Honduras - Life expectancy at birth, total (years)

The value for Life expectancy at birth, total (years) in Honduras was 73.32 as of 2015. As the graph below shows, over the past 55 years this indicator reached a maximum value of 73.32 in 2015 and a minimum value of 46.29 in 1960.

Definition: Life expectancy at birth indicates the number of years a newborn infant would live if prevailing patterns of mortality at the time of its birth were to stay the same throughout its life.

Source: Derived from male and female life expectancy at birth from sources such as: (1) United Nations Population Division. World Population Prospects, (2) Census reports and other statistical publications from national statistical offices, (3) Eurostat: Demograp

See also:

Year Value
1960 46.29
1961 46.96
1962 47.63
1963 48.29
1964 48.93
1965 49.55
1966 50.15
1967 50.74
1968 51.32
1969 51.91
1970 52.52
1971 53.13
1972 53.77
1973 54.43
1974 55.12
1975 55.82
1976 56.55
1977 57.30
1978 58.06
1979 58.83
1980 59.61
1981 60.41
1982 61.21
1983 62.02
1984 62.83
1985 63.61
1986 64.35
1987 65.03
1988 65.65
1989 66.19
1990 66.69
1991 67.14
1992 67.58
1993 68.01
1994 68.44
1995 68.86
1996 69.26
1997 69.63
1998 69.96
1999 70.25
2000 70.49
2001 70.71
2002 70.91
2003 71.10
2004 71.29
2005 71.48
2006 71.67
2007 71.86
2008 72.04
2009 72.22
2010 72.40
2011 72.57
2012 72.75
2013 72.94
2014 73.13
2015 73.32

Development Relevance: Mortality rates for different age groups (infants, children, and adults) and overall mortality indicators (life expectancy at birth or survival to a given age) are important indicators of health status in a country. Because data on the incidence and prevalence of diseases are frequently unavailable, mortality rates are often used to identify vulnerable populations. And they are among the indicators most frequently used to compare socioeconomic development across countries.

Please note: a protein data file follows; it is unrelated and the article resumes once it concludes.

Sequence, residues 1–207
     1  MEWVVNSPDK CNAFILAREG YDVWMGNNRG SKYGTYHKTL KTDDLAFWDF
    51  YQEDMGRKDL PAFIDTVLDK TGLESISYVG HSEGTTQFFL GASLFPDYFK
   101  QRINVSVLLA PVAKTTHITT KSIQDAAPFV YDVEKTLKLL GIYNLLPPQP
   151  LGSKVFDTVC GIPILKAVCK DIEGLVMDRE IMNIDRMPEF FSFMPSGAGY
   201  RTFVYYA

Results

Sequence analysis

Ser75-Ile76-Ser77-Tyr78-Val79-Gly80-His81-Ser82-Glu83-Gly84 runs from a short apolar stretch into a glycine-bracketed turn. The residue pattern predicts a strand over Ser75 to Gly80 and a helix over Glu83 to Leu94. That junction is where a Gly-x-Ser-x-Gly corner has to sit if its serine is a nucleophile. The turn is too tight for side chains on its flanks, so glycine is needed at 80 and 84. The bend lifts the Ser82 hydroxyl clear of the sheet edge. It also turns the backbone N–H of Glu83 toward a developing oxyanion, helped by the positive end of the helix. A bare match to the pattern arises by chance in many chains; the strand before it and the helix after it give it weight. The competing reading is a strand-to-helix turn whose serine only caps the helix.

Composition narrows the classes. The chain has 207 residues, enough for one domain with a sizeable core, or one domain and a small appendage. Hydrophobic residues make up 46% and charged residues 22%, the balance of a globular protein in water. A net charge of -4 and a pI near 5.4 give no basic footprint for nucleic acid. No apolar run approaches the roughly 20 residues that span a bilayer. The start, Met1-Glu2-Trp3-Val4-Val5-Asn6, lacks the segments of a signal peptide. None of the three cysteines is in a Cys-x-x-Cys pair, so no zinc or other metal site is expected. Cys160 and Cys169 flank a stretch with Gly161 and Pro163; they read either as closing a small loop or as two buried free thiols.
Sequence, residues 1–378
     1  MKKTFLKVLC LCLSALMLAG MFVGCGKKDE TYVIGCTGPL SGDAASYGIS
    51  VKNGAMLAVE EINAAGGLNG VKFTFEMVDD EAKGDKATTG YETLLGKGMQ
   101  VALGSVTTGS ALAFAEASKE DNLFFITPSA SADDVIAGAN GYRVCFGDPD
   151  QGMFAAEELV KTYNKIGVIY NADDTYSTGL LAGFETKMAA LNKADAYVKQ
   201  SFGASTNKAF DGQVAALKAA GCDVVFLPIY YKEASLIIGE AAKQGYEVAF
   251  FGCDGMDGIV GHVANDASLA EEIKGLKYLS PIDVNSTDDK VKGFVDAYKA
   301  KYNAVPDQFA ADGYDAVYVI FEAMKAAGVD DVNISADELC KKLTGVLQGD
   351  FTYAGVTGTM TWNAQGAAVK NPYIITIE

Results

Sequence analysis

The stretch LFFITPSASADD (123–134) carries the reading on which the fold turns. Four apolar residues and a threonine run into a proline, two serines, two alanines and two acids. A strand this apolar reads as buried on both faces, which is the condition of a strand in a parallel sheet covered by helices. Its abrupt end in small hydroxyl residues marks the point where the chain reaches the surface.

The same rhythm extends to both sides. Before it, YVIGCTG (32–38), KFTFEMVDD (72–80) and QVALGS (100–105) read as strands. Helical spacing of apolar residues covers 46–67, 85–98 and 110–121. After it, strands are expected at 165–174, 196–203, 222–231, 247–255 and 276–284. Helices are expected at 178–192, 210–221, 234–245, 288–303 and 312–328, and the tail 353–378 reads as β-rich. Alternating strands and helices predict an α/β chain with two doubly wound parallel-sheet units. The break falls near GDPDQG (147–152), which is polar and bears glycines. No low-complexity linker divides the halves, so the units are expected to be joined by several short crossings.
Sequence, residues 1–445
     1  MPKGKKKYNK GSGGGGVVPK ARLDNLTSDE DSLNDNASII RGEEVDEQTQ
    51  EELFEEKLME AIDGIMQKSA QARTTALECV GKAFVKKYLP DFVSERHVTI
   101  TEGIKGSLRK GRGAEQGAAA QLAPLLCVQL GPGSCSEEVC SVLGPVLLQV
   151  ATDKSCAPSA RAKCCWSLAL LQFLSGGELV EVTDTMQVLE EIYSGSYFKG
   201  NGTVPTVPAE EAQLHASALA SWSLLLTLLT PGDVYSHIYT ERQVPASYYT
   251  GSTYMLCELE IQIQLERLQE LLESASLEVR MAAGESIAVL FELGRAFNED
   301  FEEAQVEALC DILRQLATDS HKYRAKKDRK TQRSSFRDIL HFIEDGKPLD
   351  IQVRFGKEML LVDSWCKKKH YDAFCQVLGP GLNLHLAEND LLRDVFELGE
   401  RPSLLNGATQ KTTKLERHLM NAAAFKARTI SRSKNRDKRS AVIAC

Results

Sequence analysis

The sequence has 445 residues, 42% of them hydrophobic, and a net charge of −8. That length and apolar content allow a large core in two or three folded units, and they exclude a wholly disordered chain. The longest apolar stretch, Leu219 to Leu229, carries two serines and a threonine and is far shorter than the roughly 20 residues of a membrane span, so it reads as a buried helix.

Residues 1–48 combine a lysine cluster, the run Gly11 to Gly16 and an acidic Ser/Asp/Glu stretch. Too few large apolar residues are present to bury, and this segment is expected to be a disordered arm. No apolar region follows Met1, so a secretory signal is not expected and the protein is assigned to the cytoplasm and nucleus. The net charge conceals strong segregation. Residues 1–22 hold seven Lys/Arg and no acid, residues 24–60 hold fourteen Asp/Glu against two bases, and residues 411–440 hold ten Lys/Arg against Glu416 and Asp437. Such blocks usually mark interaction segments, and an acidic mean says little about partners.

Limitations and Exceptions: Annual data series from United Nations Population Division's World Population Prospects are interpolated data from 5-year period data. Therefore they may not reflect real events as much as observed data.

Statistical Concept and Methodology: Life expectancy at birth used here is the average number of years a newborn is expected to live if mortality patterns at the time of its birth remain constant in the future. It reflects the overall mortality level of a population, and summarizes the mortality pattern that prevails across all age groups in a given year. It is calculated in a period life table which provides a snapshot of a population's mortality pattern at a given time. It therefore does not reflect the mortality pattern that a person actually experiences during his/her life, which can be calculated in a cohort life table. High mortality in young age groups significantly lowers the life expectancy at birth. But if a person survives his/her childhood of high mortality, he/she may live much longer. For example, in a population with a life expectancy at birth of 50, there may be few people dying at age 50. The life expectancy at birth may be low due to the high childhood mortality so that once a person survives his/her childhood, he/she may live much longer than 50 years.

Aggregation method: Weighted average

Periodicity: Annual

Classification

Topic: Health Indicators

Sub-Topic: Mortality